Judaism in the Outback

August 11, 2016 by Rabbi Yossi Rodal
Read on for article
Accosted. That was the word that came to Phil’s mind when the three bearded jacketed Rabbis approached him.

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“Excuse me, are you Jewish?” they asked.
Phil wasn’t sure exactly what made him respond yes to their question; perhaps it was out of a healthy dose of Jewish guilt, maybe he even felt a twinge of nostalgia.
“Amazing” said the tallest of the three. ” We have driven a long way to meet you!”
The Roving Rabbis are trekking through the outback on a mission to connect with any Jewish people that they can find, offering guidance, Judaica, inspiration, and a good BBQ.
Tellaphin in the Outback

Tfillin in the Outback

Rabbis Mendy Lebowitz, Sruli Lever, and Dovid Junik traveled from America for this opportunity. They will spend a total of eight weeks in their camper van, travelling west. Starting out from Melbourne, they’ll head through South Australia, across the Nullabor, and around Southern Western Australia .

On this particular day, they drove from Mt.Barker to Albany after meeting with Gerald Henderson. ” I once met a bloke who passed through Mt. Barker two years ago. He owns a car repair shop in the center of town in Albany. I reckon he is Jewish” Gerald told them.
After two hours of driving and 45 minutes of questioning the locals, they found their man.
Phil was born and raised in nearby Kendenup. While proud that he was Jewish, he didn’t know anything else on the subject other than in reference to the Holocaust.
A bit apprehensive at first, Phil soon was enjoying the conversation. three hours later, Phil was rolling up his sleeve for tfillin amid the singing and dancing of the Rabbis. “Mazal Tov!” they exclaimed. Today is your Bar Mitzvah, the first time that you put on tfillin!”
Tfillin with Jeffrey Trevinen in Hexham Vic

Tfillin with Jeffrey Trevinen in Hexham Vic

The young Jewish Leyland brothers volunteer for Chabad of RARA, an outreach organisation that has been arranging such trips for 16 years. In a typical year, they will have five  travel seasons, covering all of Victoria, New South Wales, Queensland, and parts of Northern Territory, South Australia and Western Australia.

Founded by Saul Spigler in 2000, Chabad of RARA also  coordinates chanukah parties, pesach seders, and other holiday programs in 15 locations across Australia.
The three Rabbis visit Sally in Denmark

The three Rabbis visit Sally in Denmark

Sally Wagner had moved to Denmark, Western Australia after finding the crowded streets of Sydney too stuffy for her. While the vast expanses and friendly neighbors greatly appealed to her, she sometimes found herself missing her family, her culture, and yes, the fresh Glick’s challah.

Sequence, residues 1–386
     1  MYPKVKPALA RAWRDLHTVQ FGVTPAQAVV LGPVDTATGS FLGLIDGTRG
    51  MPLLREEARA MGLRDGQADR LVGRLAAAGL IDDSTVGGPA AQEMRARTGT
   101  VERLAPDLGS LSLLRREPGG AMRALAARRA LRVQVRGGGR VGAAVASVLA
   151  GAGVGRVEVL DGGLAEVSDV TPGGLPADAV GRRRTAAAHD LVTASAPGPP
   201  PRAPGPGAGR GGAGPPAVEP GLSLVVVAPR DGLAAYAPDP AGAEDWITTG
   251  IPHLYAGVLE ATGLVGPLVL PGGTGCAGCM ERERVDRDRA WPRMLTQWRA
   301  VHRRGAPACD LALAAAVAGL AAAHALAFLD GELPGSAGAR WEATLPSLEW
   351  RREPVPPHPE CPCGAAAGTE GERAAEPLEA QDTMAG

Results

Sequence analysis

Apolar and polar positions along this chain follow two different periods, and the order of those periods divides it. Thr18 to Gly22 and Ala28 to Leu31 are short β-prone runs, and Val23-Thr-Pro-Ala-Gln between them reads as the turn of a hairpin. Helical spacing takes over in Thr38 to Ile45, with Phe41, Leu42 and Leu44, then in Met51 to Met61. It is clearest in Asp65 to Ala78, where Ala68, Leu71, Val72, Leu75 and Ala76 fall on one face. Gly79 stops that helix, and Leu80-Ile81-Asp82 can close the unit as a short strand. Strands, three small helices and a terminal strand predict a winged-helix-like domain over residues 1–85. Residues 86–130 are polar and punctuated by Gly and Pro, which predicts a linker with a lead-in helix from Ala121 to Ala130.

So when the Chabad of RARA RV (aka the mitzvah tank) pulled up to her 6 acre farmland, it was a breath of fresh air.
The three travelling Rabbis hosted a lovely Friday night Shabbat dinner at her home, and proved to be great company. The assembled eight locals were treated to Sruli’s jokes, Mendy’s insights, and Dovid’s cooking, most of which he had gleaned from a quick Friday telephone call to his mom.
“It was the first time in my 15 years here in Denmark that I felt connected to our small community. Why, until now I thought that I was the only Jew in town!” Sally said as she helped shlepp benches back to the rental company.
“A lot of people wonder how we find the people we meet”, says Mendy, 23. “Over the years, the number of contacts has accumulated, We will also make cold calls, and ask around town. 3 out of 10 times, there is another Jewish person who we meet through a mutual contact .This is a happy occasion for us. Almost everybody is receptive, and it’s just an all around heart warming experience.”

And as for Phil, he is now a proud and knowledgeable Jew

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Comments

2 Responses to “Judaism in the Outback”
  1. joseph Solomon says:

    Lovely to read this article. It was very uplifting to have the Mordecai from chabadofrara put Tfillin on me.It has raised my Consciousness to be a Jew to even higher levels
    Thanks Yossi

  2. David Adler says:

    Chabad outreach is just the best. So many stories of bringing Judaism to disconnected Jews.

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